Wine harvest season in southern Idaho is a race against time
Fall is upon us, and for vineyards that means it's
"This time of year is generally a full on press," James Holesinsky, owner of
in Buhl said.
He says the harvest season is largely impacted by the weather.
"This time of year you will get some early frost like what you see," Holesinsky said. "But that's fine with us because we've achieved the sugars that we want to for our desired style of wine."
are expected over the next few days as a result of an incoming cold front. It's something that has spurred a sense of urgency in harvesting this years grapes.
"So we're kind of moving along as fast as we can to get everything picked in the next couple of days."
In wine making, picking the grapes at the right time can either make or break you. The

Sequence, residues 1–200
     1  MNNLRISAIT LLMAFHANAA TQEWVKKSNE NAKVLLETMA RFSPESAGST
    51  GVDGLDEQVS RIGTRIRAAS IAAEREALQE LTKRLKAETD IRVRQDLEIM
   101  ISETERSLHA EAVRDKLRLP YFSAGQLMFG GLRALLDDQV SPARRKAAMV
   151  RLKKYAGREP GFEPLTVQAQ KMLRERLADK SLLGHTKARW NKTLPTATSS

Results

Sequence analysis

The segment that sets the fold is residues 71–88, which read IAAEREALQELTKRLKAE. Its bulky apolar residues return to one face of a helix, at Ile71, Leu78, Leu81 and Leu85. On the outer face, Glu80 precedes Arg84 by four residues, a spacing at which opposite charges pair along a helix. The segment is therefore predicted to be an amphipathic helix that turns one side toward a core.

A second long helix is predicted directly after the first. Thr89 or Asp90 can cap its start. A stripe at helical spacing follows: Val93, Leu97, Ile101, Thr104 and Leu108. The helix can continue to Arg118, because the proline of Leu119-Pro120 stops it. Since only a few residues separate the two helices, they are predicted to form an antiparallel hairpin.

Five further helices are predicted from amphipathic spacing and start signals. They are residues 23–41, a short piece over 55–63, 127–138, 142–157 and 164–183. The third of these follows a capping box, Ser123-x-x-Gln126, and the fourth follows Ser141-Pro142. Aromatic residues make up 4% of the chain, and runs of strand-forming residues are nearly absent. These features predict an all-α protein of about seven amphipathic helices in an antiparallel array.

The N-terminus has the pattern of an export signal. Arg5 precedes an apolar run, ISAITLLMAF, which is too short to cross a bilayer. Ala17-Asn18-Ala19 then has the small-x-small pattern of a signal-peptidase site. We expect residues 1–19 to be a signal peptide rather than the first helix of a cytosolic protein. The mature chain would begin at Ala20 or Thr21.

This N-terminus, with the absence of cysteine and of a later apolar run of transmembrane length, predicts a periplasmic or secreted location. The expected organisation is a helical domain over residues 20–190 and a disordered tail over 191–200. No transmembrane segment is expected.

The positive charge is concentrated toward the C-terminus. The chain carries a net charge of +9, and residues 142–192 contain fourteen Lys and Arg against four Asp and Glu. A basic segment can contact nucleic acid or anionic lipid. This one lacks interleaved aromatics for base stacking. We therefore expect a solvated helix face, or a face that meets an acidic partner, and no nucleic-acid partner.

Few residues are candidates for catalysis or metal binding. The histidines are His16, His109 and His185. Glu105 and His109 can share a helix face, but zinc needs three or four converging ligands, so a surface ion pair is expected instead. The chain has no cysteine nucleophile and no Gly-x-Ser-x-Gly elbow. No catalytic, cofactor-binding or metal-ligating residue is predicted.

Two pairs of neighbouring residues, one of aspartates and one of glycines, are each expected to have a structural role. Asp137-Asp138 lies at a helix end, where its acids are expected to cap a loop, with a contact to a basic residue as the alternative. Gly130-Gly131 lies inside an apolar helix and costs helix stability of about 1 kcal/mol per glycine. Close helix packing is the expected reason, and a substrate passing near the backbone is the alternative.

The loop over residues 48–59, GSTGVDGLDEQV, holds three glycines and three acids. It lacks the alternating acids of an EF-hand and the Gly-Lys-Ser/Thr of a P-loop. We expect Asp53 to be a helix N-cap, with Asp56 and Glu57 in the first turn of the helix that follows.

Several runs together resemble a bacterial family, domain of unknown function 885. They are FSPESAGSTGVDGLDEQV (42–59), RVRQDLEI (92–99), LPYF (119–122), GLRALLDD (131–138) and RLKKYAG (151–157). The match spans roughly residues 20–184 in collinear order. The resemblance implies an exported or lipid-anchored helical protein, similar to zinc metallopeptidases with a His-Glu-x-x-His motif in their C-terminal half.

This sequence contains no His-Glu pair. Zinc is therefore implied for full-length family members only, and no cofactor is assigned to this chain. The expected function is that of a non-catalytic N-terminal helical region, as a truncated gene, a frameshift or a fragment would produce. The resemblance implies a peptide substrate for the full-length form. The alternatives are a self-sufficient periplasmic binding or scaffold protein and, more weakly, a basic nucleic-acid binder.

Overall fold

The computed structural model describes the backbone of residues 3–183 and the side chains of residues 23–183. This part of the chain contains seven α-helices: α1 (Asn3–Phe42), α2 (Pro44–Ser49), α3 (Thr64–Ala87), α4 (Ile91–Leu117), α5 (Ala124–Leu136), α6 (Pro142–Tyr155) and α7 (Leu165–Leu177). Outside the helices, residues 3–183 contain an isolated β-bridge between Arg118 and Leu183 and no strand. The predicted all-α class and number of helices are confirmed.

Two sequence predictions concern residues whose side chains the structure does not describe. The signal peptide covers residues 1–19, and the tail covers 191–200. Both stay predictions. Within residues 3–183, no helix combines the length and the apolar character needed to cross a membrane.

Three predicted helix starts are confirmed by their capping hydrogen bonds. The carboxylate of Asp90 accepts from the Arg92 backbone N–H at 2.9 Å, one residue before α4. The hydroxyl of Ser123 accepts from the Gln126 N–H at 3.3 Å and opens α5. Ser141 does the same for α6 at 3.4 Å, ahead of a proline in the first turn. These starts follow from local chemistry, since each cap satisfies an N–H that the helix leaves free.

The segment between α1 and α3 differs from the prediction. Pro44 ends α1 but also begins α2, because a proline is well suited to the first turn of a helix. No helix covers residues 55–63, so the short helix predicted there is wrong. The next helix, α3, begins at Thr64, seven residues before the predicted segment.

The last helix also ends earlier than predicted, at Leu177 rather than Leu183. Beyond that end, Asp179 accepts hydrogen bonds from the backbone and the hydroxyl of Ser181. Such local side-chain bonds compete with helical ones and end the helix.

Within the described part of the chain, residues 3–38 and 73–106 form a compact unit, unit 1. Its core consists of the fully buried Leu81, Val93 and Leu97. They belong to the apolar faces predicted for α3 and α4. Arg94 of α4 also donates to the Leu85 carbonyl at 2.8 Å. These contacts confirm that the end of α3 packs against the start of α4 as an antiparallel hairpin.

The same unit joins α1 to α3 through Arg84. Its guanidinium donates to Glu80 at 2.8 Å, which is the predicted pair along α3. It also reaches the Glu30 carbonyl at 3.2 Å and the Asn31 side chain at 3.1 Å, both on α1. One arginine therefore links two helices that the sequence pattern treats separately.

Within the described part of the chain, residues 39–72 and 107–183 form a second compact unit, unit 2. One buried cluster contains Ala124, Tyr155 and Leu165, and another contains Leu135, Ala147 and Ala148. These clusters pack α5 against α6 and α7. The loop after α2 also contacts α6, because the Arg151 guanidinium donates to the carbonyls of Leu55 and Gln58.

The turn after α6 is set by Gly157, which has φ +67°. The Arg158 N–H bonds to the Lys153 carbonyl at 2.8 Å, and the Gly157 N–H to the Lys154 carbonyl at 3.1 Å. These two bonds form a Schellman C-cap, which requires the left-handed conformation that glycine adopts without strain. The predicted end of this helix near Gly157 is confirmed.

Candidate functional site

ultimately helps determine the sweetness, acidity, and tannins of of the wine.
"Wine making is 100 percent chemistry, timing, feel, and gut reactions," Holesinsky said. "You have to work on the fly it's like giving birth to child."
The grapes James is crushing today he says will be used to make a rosé. James and his co-worker Gene Thurman are processing grapes to be fermented. Gene has been with James from the beginning at Holesinsky's.
"I hand planted each and everyone of those grapes and watched them grow," Thurman said. "This takes a lot of love and a lot of work."
Even with the added sense of urgency in the face of an incoming cold front, James and Gene both say they'll apply the same amount of diligence in creating the perfect wine.
"Having a smile on peoples face when they taste it is probably the best joy you can get," Holesinsky said.